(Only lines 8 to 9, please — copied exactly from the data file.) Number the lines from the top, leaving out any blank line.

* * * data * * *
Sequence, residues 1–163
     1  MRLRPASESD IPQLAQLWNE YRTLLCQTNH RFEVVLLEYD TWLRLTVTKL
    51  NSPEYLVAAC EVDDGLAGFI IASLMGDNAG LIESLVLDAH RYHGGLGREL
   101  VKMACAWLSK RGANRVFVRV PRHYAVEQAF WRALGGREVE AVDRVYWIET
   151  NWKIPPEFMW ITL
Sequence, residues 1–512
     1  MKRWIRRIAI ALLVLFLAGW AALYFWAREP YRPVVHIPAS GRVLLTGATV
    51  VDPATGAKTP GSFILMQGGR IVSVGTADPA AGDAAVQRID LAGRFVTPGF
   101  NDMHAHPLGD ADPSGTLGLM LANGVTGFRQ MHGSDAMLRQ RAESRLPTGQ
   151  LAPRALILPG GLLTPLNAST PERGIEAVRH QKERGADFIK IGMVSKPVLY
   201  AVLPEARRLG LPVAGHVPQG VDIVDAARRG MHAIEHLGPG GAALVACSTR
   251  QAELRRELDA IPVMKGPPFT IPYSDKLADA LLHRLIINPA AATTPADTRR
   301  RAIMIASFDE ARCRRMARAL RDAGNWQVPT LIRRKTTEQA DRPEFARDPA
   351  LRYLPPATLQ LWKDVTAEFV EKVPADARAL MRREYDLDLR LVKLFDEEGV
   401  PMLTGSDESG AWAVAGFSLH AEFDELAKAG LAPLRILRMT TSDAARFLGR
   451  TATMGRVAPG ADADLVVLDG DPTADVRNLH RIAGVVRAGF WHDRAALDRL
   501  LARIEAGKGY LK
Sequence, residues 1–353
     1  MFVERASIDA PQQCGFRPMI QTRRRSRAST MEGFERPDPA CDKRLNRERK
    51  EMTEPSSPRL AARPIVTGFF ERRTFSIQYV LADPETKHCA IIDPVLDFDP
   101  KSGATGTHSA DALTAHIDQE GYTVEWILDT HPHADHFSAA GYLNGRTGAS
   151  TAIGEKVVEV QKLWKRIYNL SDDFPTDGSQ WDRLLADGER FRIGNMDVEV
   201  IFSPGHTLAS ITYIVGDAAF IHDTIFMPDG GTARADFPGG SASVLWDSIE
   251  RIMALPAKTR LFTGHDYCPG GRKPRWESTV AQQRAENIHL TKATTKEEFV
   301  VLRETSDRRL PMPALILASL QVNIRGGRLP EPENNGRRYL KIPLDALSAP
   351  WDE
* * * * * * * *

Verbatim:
    51  VDPATGAKTP GSFILMQGGR IVSVGTADPA AGDAAVQRID LAGRFVTPGF
   101  NDMHAHPLGD ADPSGTLGLM LANGVTGFRQ MHGSDAMLRQ RAESRLPTGQ